English for Nursing Part 3
The role of nursing in healthcare has changed dramatically in the last 20 years as nurses have taken on a wider range of duties and responsibilities. Caring for the sick has become more complicated, hospitals are more understaffed and budgets are tighter which means that often nurses are taking on the duties of junior doctors as well as their own work.
These changes are particularly visible in public healthcare where increasing rates of diabetes, obesity and other conditions connected to the modern life has put a strain on healthcare workers dealing with the growing number of complex illnesses.
Partly because of the increased workload and partly because nurses still earn a relatively low salary when compared to other medical professionals, fewer people are entering the nursing profession which has led to shortages of well-trained staff and deficiencies in many hospitals. In recent years, this issue has been a major problem in the care of the sick. In an effort to combat this problem, local governments and large hospitals have started offering incentives for people studying nursing. These incentives range from payment of tuition fees to a down payment on a house and have proved very effective in reversing the tendency of fewer and fewer new nurses graduating each year.
This increase in the demands placed on healthcare workers and specifically nurses has led to the need for greater abilities and better training. Nowadays, many nurses are pursuing medical specializations such as pharmacology or preventative counseling, which enables them to provide a higher standard of care to their patients. Of course, this doesn't mean that nurses should be thought of as being fixed to one area of medicine as the majority of nurses working in the public sector are multi-skilled and are just as comfortable dispensing medication as they are assisting in the rehabilitation of patients or preparing them for surgical intervention.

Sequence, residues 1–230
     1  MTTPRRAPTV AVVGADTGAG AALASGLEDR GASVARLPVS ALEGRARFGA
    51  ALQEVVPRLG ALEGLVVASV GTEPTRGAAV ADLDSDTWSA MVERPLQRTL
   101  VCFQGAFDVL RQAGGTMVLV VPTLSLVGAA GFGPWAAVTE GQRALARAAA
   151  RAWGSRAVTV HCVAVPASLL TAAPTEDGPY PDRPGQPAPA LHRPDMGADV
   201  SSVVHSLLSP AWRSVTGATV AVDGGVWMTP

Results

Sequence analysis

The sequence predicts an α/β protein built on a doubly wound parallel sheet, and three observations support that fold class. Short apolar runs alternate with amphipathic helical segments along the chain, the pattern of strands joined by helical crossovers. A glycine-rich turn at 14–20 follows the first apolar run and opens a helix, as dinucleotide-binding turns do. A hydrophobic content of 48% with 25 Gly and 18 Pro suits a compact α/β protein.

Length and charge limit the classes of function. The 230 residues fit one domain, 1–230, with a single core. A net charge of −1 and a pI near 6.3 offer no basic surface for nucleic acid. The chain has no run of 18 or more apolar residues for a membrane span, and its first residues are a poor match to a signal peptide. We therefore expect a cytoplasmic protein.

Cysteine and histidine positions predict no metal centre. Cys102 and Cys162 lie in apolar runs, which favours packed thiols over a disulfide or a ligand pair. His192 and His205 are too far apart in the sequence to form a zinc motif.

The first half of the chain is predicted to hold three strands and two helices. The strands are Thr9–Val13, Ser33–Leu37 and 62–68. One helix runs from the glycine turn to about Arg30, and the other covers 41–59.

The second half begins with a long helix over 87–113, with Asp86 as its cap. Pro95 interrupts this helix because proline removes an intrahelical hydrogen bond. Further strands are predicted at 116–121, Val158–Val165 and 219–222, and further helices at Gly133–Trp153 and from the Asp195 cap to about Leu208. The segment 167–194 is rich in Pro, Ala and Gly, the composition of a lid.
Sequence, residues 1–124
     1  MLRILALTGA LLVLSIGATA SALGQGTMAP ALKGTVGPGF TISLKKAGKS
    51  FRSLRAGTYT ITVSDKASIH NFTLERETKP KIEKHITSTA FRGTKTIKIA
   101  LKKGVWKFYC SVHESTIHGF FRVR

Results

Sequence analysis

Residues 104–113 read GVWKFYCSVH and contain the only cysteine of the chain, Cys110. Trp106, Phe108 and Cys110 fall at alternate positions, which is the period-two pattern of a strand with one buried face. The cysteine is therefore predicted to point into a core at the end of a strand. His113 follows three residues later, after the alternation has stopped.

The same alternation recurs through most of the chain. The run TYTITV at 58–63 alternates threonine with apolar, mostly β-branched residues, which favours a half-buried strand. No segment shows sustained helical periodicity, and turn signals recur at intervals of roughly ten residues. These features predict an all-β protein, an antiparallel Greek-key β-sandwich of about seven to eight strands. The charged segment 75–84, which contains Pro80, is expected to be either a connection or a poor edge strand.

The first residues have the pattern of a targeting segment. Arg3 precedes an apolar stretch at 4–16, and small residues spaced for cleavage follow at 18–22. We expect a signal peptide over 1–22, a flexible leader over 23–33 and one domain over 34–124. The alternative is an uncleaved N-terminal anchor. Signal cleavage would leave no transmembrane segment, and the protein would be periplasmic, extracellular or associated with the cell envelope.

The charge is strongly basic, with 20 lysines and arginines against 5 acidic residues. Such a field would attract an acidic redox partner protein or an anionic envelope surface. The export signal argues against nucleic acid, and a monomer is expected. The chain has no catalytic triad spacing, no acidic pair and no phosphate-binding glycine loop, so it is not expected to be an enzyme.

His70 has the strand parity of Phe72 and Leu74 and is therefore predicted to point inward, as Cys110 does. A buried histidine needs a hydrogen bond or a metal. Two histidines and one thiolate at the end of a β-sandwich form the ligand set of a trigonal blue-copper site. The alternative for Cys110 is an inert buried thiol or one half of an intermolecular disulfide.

In fact many of the traditional roles of nurses are still valid today, such as helping a bedridden patient go to the toilet or aiding in the sedation of a patient, but their workload has increased significantly. Patients now have a greater knowledge of basic medical issues thanks to online doctors and medical encyclopedias, so now when the average patient is admitted to hospital they already believe that they know what is wrong with them and more often than not the condition is acute. Or worse still patients self-prescribe and then complain that the illness is not responding to the treatment. On the face of it, this sounds like the medical staff would have less work as the diagnosis has already been made, but in reality this diagnosis is often incorrect and leads to nursing staff having to convince the patient that their symptoms don't fit to that condition, an often time-consuming process.
And this is not the only case where technology has made nursing a harder profession. Nurses are now called upon to order and interpret blood work and other laboratory tests, a duty which traditionally fell on the doctor. Take the example of x-rays, modern machines are now capable of performing between 3 to 7 tests in the same time it took the previous generation of machine to do one, this means that the person interpreting the results has at least 3 times the amount of work to do.
New initiatives in some leading hospitals aim to tackle these situations by curbing high costs, and reducing demands on nursing staff connected to chronic disease care by home monitoring programs whereby patients are monitored via the internet in their own home, freeing up beds and reducing the cost and time invested in these patients. Although these programs are in the early stages, the signs are promising with both patients and medical staff seeing the benefits.
Another trend in preventative medicine is the increase in screening which is often done in the community rather than in the hospital and allows direct contact with patients who may not otherwise have gone to hospital. Screening is particularly effective in detecting early signs of tumors and other growths, of course at this stage they cannot show if they are malignant or benign but the tumor is discovered.
As we move forward through the 21st Century it is imperative that authorities continue to find ways to make nursing as attractive a profession as possible to ensure that hospitals are well-staffed by qualified and interested nurses.